Establishing a green community
After an evening of celebration with businesses, volunteers and government officials, Sustainable Waterloo Region executive director Mike Morrice admits that the environmental change the organization has brought to the community thus far is only the beginning.
Founded only three years ago by Mike Morrice, fellow students and alumni at Wilfrid Laurier University, Sustainable Waterloo Region (SWR) announced in its annual report on Apr. 12 that it has expanded its membership for its regional carbon initiative (RCI) from 29 to 41 in the past year. Of those members, ten have committed to reducing their greenhouse gas emissions by a total of 42,550 tonnes — the equivalent of taking 10,000 cars of the road.
Morrice wants to see these numbers increase.
“41 organizations is certainly a good start but nowhere near the impact we’re hoping to have and the progress we’re hoping to see across this community as more businesses buy in to make measurable, meaningful changes,” said Morrice of the growing members SWR will help to set targets of lowing their carbon emissions.
One of the challenges he addressed in getting the attention of businesses is showing them how becoming more sustainable can ultimately help their bottom line. “There are examples from manufacturing to non profit … that a business case has been successful for them and by reducing their greenhouse gas emissions they’ve been able to save money and attract better employees and really get ready for a transformational shift to a low carbon economy,” said the SWR founder.
An example that Morrice kept falling back to was his alma mater, WLU, which released their Sustainability Action Plan with the approval of the university board of governors last week.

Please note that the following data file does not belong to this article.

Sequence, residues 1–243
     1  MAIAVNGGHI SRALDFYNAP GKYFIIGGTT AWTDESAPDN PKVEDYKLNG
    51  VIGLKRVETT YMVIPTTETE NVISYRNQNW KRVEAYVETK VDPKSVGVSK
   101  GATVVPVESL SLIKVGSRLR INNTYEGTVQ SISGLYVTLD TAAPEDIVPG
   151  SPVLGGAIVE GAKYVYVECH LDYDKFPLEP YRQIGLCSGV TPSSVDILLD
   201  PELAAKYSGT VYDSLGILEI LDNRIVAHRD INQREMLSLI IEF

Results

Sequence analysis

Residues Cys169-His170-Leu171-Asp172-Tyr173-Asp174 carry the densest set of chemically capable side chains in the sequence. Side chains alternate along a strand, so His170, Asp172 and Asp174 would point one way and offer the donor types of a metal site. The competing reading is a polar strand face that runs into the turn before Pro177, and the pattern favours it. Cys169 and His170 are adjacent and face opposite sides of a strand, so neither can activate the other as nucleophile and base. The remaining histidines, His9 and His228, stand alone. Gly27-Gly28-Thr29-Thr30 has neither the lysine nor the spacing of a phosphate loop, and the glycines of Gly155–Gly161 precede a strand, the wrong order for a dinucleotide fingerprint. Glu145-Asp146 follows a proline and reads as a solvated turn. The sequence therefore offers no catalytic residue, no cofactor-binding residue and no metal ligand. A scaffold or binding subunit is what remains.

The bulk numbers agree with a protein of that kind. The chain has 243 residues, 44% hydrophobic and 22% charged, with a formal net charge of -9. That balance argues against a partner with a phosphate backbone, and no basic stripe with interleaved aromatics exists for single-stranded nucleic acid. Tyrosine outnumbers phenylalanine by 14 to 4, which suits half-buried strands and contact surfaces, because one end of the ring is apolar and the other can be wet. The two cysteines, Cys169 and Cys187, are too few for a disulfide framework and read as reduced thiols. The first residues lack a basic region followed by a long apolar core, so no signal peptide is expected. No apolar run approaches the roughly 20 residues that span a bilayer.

“I’m very proud of the progress that university is making and the real steps they’re taking; that Laurier joined the RCI two years ago with real intention to put in place sustainability actions,” he said. “To now be at a point where in many ways that’s now coming into fruition … that’s just really exciting.”
The five-year action plan Laurier has committed to includes a carbon reduction goal of 15 per cent.
In addition to carbon reduction in the region, Morrice hopes to look at other environmental factors, like water and waste, to help businesses and their employees become more sustainable overall.
Yet for making any of these goals a reality, Morrice said, “It goes back to the theme of the [annual] report — this is all about people of action.”
At many of the member organizations, SWR has inspired them to set up “green teams” among their employees to lead sustainable practices within the company.
Colin MacIntosh, property service manager for House of Friendship in Kitchener, spoke during the annual report announcement on Apr. 12. Exemplifying that three quarters of green initiatives are driven by green teams, MacIntosh said, “Our green team is the heart that will pump our sustainable initiatives throughout the organization.”
And while SWR’s focus is on sustainable practices in businesses, the behaviours they promote translate to the individual lives of employees.
Looking at the influence the push for sustainable practices is having, Morrice concluded, “There’s certainly a lot of transfer between behaviours and change practices in the workplace that definitely go home [and] create that larger cultural, social norm shift that we’re really excited about.”